I can vouch for the shock value of this list. If you could have seen the look on my mom's face when I mentioned I hadn't seen "Casablanca". Or on my sister's face when I told her I was putting "Taxi Driver" on my first Thursday Thirteen.

Are there similar films waiting impatiently for you to watch them?


Annie said...

Welcome to TT!

There are many on that list I haven't seen myself, but Casablanca is a must! And The Notebook is a beautiful movie. Hope you're able to make time to see each of these soon!!

Happy Thursday (well, Friday now...)

julia said...

Welcome, Annie! I love the curling wave on your site header. I'm all about the ocean, myself.

As for "Casablanca", my mom is booking me in for a girl's night to watch it at her place.

Annie Mac said...

I've only watched one of those movies, Sleepless in Seatle. I have seen the remake of Breathless with Richard Gere in it - and bits and pieces of Casablanca.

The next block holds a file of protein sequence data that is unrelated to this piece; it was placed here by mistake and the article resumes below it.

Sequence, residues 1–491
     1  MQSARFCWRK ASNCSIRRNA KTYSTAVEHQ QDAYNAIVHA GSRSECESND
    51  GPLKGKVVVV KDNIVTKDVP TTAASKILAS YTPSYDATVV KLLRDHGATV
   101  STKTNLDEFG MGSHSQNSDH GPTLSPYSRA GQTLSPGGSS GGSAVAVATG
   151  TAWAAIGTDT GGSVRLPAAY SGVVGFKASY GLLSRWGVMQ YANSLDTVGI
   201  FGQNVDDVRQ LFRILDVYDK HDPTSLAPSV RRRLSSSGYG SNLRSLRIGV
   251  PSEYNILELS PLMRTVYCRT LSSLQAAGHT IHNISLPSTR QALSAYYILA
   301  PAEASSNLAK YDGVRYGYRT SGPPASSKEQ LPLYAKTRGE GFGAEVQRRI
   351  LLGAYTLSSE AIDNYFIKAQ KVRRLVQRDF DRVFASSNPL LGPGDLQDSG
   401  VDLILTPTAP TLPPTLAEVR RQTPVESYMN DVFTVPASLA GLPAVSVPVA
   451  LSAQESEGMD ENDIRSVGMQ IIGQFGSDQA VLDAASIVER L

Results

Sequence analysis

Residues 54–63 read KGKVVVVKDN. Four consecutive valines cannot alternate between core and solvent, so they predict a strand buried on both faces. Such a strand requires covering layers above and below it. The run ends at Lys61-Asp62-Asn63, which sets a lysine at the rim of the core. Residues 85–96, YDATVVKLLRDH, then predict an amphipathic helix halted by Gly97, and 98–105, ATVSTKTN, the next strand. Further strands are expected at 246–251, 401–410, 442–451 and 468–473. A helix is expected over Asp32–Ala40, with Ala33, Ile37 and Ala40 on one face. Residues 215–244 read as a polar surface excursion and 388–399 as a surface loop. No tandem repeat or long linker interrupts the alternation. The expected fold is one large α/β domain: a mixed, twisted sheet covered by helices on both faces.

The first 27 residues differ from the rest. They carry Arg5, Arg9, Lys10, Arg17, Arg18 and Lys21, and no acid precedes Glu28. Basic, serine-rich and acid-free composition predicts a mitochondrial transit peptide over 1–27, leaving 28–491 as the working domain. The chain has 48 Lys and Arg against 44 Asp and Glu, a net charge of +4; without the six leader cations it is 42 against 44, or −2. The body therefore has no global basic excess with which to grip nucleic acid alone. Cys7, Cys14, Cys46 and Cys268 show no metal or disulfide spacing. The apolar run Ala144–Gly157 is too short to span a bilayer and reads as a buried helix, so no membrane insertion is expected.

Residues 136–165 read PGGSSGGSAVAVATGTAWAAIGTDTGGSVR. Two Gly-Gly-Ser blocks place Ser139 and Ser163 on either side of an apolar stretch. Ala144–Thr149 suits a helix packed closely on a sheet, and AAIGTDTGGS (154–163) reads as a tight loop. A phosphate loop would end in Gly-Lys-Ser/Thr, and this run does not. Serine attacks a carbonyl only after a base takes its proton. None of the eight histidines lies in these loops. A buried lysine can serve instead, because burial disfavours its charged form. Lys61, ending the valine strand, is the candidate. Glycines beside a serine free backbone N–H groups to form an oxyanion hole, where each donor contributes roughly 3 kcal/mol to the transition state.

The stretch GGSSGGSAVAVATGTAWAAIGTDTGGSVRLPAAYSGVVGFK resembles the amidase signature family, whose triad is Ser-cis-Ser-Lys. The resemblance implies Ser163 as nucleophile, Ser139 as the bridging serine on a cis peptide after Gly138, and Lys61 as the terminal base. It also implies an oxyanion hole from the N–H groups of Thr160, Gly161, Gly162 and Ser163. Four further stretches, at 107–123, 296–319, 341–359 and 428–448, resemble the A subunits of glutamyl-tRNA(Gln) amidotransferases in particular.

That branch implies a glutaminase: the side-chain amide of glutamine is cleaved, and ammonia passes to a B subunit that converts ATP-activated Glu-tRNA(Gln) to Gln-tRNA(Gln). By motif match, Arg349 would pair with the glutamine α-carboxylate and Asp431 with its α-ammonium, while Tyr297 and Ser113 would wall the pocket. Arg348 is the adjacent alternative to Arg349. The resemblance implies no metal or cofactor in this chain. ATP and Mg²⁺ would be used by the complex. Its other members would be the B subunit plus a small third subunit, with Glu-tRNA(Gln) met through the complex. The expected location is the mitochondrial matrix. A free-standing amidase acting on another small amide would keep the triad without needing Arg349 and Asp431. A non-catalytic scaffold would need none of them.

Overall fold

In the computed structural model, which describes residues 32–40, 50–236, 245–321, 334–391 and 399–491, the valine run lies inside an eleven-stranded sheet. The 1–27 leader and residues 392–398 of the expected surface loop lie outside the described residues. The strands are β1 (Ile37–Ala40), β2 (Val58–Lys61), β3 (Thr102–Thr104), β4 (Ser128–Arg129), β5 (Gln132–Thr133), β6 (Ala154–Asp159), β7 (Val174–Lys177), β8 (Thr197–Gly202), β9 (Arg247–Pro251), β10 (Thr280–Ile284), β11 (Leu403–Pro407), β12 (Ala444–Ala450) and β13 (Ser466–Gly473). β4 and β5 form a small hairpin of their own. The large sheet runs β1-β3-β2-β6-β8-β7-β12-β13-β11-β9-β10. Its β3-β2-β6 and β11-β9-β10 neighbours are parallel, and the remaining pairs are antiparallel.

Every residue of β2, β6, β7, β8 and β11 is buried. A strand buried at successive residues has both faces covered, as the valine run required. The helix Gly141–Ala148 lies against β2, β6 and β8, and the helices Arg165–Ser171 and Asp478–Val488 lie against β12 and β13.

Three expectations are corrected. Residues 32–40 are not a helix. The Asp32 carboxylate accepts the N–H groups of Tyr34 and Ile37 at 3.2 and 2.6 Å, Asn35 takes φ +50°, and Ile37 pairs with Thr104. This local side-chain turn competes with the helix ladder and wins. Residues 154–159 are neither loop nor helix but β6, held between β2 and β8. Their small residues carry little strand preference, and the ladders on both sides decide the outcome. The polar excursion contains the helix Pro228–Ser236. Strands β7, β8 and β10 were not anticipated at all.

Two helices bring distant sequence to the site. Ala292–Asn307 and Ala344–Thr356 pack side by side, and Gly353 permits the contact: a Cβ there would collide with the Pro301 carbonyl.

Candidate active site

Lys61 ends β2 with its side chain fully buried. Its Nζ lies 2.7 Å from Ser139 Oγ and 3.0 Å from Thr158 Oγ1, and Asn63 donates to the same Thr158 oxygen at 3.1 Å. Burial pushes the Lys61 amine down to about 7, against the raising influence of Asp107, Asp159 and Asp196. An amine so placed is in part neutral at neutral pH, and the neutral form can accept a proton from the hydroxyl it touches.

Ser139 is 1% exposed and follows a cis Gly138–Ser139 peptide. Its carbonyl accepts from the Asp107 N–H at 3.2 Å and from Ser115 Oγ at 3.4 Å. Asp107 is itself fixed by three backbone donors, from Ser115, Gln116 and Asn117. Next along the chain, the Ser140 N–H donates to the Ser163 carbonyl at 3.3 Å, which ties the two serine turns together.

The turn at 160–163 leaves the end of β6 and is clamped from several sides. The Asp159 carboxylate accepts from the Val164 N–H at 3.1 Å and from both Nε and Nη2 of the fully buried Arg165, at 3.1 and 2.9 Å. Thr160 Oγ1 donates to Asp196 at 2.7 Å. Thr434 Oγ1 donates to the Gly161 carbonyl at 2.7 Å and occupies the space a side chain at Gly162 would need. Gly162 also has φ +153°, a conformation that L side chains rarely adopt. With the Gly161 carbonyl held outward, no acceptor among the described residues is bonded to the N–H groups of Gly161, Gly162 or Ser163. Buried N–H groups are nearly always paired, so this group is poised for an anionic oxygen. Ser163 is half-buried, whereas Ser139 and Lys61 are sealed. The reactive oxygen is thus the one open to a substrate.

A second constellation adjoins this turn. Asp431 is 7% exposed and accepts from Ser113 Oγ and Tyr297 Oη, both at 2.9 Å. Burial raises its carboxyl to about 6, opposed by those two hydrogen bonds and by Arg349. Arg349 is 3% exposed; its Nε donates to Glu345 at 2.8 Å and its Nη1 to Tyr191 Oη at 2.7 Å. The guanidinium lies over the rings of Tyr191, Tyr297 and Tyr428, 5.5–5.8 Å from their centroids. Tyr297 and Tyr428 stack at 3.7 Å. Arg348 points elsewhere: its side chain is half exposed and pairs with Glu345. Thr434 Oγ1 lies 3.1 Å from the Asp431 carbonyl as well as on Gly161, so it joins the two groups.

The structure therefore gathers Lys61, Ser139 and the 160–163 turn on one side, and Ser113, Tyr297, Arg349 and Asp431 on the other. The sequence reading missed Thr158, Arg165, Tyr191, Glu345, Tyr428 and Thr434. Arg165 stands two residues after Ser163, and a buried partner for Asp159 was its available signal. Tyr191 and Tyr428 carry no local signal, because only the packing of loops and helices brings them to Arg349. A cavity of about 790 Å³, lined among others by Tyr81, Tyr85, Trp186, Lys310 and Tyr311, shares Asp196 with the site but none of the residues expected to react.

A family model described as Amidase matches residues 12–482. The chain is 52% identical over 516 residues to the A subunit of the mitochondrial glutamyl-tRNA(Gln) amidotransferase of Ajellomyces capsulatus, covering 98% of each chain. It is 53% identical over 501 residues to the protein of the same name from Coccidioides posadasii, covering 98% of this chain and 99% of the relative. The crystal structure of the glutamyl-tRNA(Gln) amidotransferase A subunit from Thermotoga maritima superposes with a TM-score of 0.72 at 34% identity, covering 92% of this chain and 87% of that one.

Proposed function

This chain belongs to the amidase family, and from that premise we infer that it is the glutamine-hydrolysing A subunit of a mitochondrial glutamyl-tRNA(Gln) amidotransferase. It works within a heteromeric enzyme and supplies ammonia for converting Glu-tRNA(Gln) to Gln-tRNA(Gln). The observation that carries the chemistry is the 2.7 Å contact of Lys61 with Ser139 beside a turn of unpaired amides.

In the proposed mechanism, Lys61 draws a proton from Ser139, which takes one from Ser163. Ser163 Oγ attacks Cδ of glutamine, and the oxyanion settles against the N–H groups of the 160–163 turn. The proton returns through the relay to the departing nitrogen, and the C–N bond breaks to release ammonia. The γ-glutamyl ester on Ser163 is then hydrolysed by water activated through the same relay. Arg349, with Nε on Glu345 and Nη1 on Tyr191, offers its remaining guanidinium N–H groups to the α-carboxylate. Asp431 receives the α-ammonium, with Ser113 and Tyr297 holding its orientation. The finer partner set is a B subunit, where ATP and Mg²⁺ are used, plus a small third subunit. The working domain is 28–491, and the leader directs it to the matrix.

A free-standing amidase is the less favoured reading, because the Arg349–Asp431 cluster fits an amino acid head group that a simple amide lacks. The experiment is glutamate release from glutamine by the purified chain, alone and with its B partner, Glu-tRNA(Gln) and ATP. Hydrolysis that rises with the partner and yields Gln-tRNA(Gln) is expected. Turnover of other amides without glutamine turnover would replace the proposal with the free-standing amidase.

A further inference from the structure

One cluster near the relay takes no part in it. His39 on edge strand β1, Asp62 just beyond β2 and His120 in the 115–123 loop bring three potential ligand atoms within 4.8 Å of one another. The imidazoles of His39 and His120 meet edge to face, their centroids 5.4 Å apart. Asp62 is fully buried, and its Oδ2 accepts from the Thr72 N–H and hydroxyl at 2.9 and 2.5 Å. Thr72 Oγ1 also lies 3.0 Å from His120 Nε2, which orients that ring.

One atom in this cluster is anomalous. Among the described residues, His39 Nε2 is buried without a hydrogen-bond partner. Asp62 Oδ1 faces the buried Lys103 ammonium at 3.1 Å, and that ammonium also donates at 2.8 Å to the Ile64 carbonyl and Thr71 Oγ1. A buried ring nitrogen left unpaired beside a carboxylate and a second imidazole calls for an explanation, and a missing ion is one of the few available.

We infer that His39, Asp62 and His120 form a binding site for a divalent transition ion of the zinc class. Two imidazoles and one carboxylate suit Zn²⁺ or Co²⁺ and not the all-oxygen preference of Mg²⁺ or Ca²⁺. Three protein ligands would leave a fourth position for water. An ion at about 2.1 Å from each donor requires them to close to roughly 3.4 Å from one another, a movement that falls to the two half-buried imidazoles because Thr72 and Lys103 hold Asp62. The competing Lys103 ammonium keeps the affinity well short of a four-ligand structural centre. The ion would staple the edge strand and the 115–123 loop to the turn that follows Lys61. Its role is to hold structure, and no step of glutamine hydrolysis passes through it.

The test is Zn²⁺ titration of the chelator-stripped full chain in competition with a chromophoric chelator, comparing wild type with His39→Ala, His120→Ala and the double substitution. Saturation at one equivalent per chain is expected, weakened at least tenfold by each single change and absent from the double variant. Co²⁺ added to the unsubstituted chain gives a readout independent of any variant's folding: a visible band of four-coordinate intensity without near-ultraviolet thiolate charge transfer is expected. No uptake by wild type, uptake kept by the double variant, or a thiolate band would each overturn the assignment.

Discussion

Christine said...

Julia! I'm glad you've joined TT! Sorry I didn't stop by yesterday. I haven't seen Taxi Driver either, though I own it on VHS. My excuse is that my VCR is broken. It's not, I'm just too lazy to hook it up. :)

Devon Ellington said...

Casablanca is a great all-nighter popcorn movie -- lots of fun.

Taxi Driver -- well done, classic, real film school person film.

Cinema Paradiso -- if you like film, it's one to see for the sheer artistry.

Alister Sims version of Christmas Carol -- yes, it's the best one.

Singin' in the Rain -- a ton of fun; suspend your disbelief before you begin.

The Red Shoes -- of its time, but a bit too melodramatic for me. I prefer "Stage Door", which I think of in the same breath. In fact, they're an awful lot of fun to watch back to back.

Cold Mountain -- piece of crap, in my opinion.

The Seven Samurai -- brilliant, but "Ran" is better.

Breathless -- again, you watch it because it's important to the craft; you don't have to love it.

An Inconvenient Truth -- haven't seen it yet, either, because, as you said, it's preaching to the converted.

School of Rock -- fun and clever.

The Notebook -- made me want to vomit even more than Cold Mountain did.

Sleepless in Seattle -- it's cute, but you really aren't missing a major event if you haven't yet seen it.

My thirteen cents.